Many people who have ADHD try to keep a running list of everything they have to do in their head. Or, they may write down each item on a different piece of paper that gets displaced somewhere. 

Take some time to sit down, take a few deep breaths, and make a list of everything you can think of that you need to do. Don’t worry if you can’t remember everything on your plate in one sitting. You can always add things later on if necessary. 

  1. Determine the Urgency and Importance of Each Task

Prioritizing tasks is all about focusing on more urgent and important tasks first, and other tasks down the road. But not every task will have a cut and dry due date, nor will the importance always be obvious of certain tasks. 

After you write down all of the tasks on your list, take some time to determine when they need to be done and how important they are to get done. Number each task by priority to make it easy to see what’s first on your list. 

Sometimes, it can be difficult to figure out where a task should be on your priority list. Here are a few questions to ask yourself that may help:

  • What are the rewards for getting the task done? 
  • What are the consequences for failing to get the task done?
  • Which task do I feel like avoiding the most?

Often, it’s the tasks that you want to avoid doing the most that are actually the most important to get started. 

  1. Find an Accountability Buddy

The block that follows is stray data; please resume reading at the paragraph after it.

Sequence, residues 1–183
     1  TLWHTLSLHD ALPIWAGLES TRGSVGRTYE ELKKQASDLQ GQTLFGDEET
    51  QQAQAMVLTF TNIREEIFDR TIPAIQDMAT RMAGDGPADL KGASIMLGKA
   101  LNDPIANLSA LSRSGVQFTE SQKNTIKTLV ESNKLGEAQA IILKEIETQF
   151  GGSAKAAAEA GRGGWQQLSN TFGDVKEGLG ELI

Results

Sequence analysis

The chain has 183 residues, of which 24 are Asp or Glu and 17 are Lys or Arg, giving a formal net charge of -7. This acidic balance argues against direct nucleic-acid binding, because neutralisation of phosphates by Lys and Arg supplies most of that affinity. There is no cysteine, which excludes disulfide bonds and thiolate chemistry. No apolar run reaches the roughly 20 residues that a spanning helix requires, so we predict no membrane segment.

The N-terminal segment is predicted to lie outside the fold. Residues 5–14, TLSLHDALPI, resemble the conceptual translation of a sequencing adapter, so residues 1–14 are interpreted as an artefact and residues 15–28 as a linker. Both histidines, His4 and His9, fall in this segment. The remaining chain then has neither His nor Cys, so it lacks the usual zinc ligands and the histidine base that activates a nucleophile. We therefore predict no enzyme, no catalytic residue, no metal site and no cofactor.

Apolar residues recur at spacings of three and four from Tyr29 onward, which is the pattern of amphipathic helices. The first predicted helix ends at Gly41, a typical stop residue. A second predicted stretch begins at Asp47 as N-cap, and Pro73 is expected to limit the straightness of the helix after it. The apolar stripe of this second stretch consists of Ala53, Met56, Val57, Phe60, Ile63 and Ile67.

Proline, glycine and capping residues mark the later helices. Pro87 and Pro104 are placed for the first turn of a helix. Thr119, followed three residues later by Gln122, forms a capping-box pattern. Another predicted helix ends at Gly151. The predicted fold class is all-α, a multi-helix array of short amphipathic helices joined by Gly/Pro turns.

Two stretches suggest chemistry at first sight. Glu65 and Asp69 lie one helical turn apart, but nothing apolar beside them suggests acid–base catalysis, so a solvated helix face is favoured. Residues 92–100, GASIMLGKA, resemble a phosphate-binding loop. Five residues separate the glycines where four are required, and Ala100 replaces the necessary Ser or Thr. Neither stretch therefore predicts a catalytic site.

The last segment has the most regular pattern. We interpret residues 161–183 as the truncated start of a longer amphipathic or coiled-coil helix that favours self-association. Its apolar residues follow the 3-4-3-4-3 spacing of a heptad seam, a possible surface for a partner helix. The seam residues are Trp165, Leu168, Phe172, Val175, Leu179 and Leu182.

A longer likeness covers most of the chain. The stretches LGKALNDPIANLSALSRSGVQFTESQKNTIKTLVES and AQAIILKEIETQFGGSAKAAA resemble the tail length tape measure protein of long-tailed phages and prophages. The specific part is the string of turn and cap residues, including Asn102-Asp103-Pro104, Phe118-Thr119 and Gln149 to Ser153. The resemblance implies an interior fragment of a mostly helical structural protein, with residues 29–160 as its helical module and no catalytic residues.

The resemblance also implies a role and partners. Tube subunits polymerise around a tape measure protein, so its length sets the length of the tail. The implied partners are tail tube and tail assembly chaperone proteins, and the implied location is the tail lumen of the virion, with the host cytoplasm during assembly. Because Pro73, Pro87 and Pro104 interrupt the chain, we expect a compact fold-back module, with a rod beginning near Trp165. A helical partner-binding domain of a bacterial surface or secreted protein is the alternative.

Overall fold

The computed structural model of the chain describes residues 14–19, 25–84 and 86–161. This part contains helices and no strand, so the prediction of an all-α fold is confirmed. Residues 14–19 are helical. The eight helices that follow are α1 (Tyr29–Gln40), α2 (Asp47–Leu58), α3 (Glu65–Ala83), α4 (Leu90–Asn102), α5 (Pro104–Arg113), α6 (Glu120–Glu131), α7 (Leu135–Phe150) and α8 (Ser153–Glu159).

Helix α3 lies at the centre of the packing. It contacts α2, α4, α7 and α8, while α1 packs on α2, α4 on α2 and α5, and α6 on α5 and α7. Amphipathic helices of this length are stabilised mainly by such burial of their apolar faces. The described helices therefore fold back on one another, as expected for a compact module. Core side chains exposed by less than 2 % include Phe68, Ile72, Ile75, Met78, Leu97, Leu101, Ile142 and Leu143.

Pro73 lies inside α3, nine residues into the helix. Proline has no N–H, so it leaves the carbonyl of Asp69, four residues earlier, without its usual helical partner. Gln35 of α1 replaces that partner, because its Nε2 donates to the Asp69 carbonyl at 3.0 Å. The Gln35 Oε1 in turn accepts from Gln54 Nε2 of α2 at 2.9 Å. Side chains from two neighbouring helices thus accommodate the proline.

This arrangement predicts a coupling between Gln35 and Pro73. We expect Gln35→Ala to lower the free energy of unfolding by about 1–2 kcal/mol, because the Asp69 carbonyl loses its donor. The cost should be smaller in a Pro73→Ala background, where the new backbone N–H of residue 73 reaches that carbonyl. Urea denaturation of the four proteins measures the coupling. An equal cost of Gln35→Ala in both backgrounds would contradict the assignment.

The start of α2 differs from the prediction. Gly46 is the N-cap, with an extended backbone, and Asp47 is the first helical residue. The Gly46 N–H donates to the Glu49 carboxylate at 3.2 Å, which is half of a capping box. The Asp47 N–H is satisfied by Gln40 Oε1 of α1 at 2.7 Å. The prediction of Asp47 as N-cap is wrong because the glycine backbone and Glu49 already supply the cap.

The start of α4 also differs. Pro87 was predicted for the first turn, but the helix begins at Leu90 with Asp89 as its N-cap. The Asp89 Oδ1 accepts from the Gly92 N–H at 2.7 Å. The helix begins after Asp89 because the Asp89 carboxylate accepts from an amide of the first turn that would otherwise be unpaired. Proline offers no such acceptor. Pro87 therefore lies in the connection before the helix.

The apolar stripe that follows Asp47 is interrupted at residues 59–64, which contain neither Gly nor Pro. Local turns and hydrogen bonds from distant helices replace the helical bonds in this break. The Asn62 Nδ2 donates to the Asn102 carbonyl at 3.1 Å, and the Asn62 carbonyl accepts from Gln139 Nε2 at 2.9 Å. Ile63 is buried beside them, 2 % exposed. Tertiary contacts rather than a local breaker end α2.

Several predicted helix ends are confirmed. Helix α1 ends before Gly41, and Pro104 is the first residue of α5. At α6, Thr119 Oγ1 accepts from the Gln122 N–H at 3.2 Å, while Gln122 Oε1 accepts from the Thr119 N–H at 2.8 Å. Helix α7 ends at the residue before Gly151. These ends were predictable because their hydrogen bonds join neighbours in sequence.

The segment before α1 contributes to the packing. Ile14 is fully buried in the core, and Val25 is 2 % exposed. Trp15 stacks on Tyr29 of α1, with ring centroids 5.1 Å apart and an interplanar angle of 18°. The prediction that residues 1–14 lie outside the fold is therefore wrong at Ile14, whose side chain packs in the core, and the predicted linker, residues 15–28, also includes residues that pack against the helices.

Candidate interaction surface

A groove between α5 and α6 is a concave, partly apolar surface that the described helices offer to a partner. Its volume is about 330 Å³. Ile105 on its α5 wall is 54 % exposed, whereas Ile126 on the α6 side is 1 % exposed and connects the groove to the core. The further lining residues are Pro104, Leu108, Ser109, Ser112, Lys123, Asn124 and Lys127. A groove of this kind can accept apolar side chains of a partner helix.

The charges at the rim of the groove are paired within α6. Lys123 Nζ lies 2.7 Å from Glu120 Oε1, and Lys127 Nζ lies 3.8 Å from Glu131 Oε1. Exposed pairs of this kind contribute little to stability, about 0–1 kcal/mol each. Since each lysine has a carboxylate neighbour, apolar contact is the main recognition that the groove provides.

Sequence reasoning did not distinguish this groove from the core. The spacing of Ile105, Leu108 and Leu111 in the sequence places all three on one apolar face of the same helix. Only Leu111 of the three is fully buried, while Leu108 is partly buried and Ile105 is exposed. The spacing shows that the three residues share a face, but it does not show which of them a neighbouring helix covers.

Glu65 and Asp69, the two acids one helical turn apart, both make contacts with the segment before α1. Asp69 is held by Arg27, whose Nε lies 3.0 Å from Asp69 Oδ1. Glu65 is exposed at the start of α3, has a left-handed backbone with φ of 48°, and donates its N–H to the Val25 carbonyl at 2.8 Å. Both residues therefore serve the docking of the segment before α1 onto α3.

Learning to prioritize is important, but it’s not something you have to do all by yourself. For many teens and adults with ADHD, having someone to talk through important and urgent tasks with can help to clarify grey areas. Not only can it be extremely helpful to get an outside perspective when prioritizing tasks, but it can also hold you accountable to actually getting things done. 

Think about someone in your life — a friend or family member — who can support you in prioritizing your to-do list and working through it. Texting a friend at the start of a new task or calling a parent after you cross a task off of your list can go a long way to keeping you on track. 

  1. Grant Yourself Time and Patience

Learning to plan and prioritize can take time and lots of practice. For people with ADHD (and for many people without ADHD as well), prioritization can be an especially challenging skill to learn, and it’s normal to stumble along the way. 

Be compassionate to yourself when you experience setbacks or run into obstacles, and celebrate the small and large steps you take to prioritize and accomplish your to-do list more effectively. The more you validate and celebrate your efforts, the more confident you’ll feel.

Dr. Cassidy Blair of Blair Wellness Group is a licensed clinical psychologist dedicated to helping our clients develop techniques for reducing stress, anxiety, and depression while coping with lifestyle and professional challenges to enjoy emotional sobriety in their relationships and improve their overall quality of life.

We serve clients in Beverly Hills, Los Angeles, Santa Monica, Brentwood, West Hollywood, and the surrounding areas. Schedule your appointment today.